As the world strives to move away from fossil fuels, electric vehicles have emerged as a solution to reducing carbon emissions from transportation. But one major challenge to electric vehicle adoption is that they are too expensive for the average consumer. With the cost of living rising exponentially in the past few months, and automakers increasing the costs of their EVs, you would think that EV adoption would slow down even further as people saved their dollars.
However, data shows that consumers are turning to electric vehicles in record numbers despite prevailing economic conditions, rising EV prices and long waiting times owing to limited supply. Industry consulting firm Cox Automotive says that battery electric vehicles (BEVs) accounted for 5.6% of vehicle sales from April to June. Although this is still a small percentage of total vehicle sales, it is twice the amount of EVs sold last year.
Cox Automotive also reveals that overall car sales decreased by 20% despite the increase in EV sales. The demand for electric vehicles was so great that automakers such as Ford Motor, Tesla and Volkswagen could have sold more cars if they could have been able to manufacture them. However, the global chip shortage coupled with increasing prices for lithium and other battery metals put a damper on EV supply.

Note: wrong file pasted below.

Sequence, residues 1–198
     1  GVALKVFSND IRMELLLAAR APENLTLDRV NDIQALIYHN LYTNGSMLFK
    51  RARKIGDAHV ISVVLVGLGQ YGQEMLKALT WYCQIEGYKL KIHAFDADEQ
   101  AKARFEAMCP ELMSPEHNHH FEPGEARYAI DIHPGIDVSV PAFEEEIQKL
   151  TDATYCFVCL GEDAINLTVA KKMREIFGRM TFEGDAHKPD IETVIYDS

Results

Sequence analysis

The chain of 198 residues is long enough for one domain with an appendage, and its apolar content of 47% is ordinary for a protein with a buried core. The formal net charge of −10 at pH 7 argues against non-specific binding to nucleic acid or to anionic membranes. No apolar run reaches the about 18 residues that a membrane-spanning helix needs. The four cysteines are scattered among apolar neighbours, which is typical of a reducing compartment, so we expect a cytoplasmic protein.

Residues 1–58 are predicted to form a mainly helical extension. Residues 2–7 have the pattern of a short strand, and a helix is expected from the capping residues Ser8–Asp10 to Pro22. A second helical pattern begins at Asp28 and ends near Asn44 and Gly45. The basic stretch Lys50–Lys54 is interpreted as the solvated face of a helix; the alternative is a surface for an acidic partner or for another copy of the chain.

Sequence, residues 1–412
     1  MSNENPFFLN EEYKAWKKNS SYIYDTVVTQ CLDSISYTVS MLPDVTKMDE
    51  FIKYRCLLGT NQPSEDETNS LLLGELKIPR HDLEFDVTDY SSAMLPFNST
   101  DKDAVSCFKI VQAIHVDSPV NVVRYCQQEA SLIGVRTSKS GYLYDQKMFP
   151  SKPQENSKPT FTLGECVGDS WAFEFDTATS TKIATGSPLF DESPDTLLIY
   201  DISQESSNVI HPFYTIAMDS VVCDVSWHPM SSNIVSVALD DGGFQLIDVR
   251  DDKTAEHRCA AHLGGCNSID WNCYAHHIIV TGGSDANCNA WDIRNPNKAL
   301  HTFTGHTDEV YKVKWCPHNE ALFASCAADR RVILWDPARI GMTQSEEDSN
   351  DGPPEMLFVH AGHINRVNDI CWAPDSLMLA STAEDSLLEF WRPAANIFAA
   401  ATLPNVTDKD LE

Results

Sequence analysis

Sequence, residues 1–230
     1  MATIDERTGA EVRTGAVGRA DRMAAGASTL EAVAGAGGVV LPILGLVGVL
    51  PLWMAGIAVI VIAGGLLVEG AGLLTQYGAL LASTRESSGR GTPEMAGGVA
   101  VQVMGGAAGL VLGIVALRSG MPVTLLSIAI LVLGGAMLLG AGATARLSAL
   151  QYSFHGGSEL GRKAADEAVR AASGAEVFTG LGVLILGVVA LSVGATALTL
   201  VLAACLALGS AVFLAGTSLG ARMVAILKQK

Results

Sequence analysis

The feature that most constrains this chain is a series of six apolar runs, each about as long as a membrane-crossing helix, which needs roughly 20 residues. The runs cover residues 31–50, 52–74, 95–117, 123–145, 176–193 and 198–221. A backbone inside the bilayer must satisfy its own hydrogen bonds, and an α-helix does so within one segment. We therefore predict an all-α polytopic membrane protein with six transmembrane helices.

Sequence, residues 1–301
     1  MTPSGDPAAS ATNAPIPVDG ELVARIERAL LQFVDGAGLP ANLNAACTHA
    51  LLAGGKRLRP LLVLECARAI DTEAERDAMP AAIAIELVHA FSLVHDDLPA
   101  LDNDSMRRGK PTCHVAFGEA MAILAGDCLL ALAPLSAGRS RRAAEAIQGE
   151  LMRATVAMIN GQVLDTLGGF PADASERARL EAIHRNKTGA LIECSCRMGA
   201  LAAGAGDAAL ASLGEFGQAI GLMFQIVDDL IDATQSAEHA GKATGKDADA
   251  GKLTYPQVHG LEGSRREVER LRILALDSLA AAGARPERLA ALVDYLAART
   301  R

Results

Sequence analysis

Tesla was also forced to shut down its production facility in China, leading to a dip in supply. Ford also lost billions of dollars in revenue as the semiconductor shortage forced it to halt truck production. Despite all these mitigating factors, demand for electric vehicles has soared. Ford chief financial officer John Lawler says the firm has seen a 149% increase in EV sales. Ford delivered 15,300 electric vehicles from April to June.
The electric vehicle industry still has plenty of challenges to overcome despite the phenomenal demand for EVs. Since building electric vehicles presents an entirely different set of challenges, legacy automakers such as Ford and GM will have to remake their supply and factory networks. This includes investing in the battery technology that powers electric cars and building factories designed to manufacture electric cars.
Ford, for starters, has plans to build a $5.6 billion complex in Tennessee to manufacture EVs. In total, carmakers and their suppliers plan on investing more than $500 billion over the next few years to upgrade their supply chains and factory networks, says consultancy firm Alix Partners.
Increasing EV adoption will also require the development of a widespread and reliable charging network, especially to attract drivers who don’t have personal garages or private driveways. As that happens, the sales of electric vehicle makers such as NIO Inc. (NYSE: NIO) could shoot through the roof.
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